According to the PA news agency, it has been reported that the green and amber lists will be merged to form one category of low-risk countries, while the number of destinations on the red list will be reduced.
There is also speculation that fully vaccinated arrivals will no longer need to take a pre-departure lateral flow test or a post-arrival PCR test.
This would save travellers around £100 per trip.
Currently, travellers who have not had both doses of a coronavirus vaccine must take one PCR test and are not required to self-isolate after arriving from a green list destination.
According to reports, they could be required to quarantine at home and be required to take two tests when arriving from a low-risk location under the new system.
The changes would come into force ahead of the October half-term break.
Transport Secretary Grant Shapps’ expected announcement on Friday will only apply to England, but recently the devolved administrations have implemented rule changes for travel announced in Westminster.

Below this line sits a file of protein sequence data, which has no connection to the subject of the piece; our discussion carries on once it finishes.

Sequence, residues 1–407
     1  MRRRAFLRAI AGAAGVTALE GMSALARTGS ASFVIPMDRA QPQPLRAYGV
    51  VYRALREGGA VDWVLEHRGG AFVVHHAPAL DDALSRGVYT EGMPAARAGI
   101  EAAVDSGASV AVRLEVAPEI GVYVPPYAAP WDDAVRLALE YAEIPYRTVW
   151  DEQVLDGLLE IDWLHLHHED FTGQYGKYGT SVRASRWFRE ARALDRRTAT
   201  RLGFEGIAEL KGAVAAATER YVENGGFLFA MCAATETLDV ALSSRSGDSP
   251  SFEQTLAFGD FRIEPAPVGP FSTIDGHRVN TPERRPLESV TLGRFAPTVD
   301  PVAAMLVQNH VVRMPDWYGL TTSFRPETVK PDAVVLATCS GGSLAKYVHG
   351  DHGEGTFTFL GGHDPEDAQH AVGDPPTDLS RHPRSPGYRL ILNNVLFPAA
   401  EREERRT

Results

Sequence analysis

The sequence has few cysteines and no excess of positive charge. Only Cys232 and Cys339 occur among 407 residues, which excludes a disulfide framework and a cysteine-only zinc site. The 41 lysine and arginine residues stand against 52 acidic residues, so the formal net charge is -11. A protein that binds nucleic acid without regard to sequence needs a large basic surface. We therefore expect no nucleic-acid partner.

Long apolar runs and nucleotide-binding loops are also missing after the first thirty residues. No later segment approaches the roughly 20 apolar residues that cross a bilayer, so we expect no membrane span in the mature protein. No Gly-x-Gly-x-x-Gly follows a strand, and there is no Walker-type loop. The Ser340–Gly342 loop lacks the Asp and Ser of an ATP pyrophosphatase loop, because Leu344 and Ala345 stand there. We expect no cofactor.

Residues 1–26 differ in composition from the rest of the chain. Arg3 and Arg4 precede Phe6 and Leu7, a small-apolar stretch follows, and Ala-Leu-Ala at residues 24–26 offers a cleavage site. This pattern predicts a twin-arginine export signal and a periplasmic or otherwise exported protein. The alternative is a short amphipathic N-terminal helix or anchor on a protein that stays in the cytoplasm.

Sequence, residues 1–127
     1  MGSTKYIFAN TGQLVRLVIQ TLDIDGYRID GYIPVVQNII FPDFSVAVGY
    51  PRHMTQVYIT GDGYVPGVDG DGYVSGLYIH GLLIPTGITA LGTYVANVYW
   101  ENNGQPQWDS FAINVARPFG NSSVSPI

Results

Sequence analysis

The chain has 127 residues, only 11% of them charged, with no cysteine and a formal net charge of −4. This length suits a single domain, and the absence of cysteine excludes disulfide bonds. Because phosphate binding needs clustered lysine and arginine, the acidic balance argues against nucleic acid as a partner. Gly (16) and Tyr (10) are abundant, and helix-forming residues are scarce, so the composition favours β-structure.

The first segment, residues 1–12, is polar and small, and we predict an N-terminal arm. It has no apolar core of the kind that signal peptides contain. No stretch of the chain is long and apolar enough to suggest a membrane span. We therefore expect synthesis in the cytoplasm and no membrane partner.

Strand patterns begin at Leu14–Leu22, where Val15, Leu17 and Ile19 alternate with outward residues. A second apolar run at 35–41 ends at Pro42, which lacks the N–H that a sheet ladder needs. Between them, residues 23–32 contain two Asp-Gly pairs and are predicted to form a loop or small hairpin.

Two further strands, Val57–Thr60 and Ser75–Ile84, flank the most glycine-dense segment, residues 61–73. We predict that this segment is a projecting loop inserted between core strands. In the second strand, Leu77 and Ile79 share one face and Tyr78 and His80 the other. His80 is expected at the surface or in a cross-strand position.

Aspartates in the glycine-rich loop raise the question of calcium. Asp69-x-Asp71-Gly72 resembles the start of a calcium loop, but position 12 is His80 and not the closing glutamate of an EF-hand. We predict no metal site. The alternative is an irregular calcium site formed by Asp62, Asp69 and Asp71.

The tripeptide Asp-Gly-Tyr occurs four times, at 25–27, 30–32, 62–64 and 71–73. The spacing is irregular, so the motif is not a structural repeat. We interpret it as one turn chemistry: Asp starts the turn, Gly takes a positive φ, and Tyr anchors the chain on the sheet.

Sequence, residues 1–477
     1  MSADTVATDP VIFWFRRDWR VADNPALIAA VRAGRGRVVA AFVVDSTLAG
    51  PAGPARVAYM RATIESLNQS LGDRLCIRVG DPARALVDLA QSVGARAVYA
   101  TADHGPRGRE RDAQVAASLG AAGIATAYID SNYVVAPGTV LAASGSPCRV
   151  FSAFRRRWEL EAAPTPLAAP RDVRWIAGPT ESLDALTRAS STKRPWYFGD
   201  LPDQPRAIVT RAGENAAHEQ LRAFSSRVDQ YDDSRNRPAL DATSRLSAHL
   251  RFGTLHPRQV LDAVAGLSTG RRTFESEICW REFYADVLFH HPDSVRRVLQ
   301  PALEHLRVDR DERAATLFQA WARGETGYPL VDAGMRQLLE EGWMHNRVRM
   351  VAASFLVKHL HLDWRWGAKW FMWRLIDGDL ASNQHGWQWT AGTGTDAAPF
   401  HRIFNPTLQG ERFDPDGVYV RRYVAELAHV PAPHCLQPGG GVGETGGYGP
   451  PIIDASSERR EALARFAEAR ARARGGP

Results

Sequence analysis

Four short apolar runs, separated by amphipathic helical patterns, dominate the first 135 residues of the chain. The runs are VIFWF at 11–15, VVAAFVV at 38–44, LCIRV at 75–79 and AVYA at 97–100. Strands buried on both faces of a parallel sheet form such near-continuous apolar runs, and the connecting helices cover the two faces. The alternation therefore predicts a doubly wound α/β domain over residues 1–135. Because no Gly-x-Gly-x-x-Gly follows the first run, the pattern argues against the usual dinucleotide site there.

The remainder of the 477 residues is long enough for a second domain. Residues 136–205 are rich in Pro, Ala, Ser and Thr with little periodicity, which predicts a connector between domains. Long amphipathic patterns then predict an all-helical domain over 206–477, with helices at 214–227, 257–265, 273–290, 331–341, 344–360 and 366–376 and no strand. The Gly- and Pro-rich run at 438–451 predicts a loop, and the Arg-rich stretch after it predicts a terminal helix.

It is anticipated that people arriving from red list countries will continue to be required to spend 11 nights in a quarantine hotel, at a cost of £2,285 for solo travellers.
There are currently 62 countries on that list, but this is expected to be reduced.
Paul Charles, chief executives of travel consultancy The PC Agency, said earlier this week that 24 countries ‘should be taken off’, including Pakistan, South Africa, the Dominican Republic, Argentina and Chile.
He added that he would be ‘very surprised’ if Turkey is removed due to “worsening” coronavirus data.
But coronavirus data analyst Tim White said: ‘With Grant Shapps and the travel lottery, no-one can be sure. But the data firmly support Turkey being removed as it has no threat of variants and a lot of genomic sequencing.’
The travel sector has been desperate for the testing and quarantine rules for international travel to be relaxed.
Heathrow said this week it has gone from being Europe’s busiest airport in 2019 to number 10 on the list, behind rivals in cities such as Amsterdam, Paris and Frankfurt.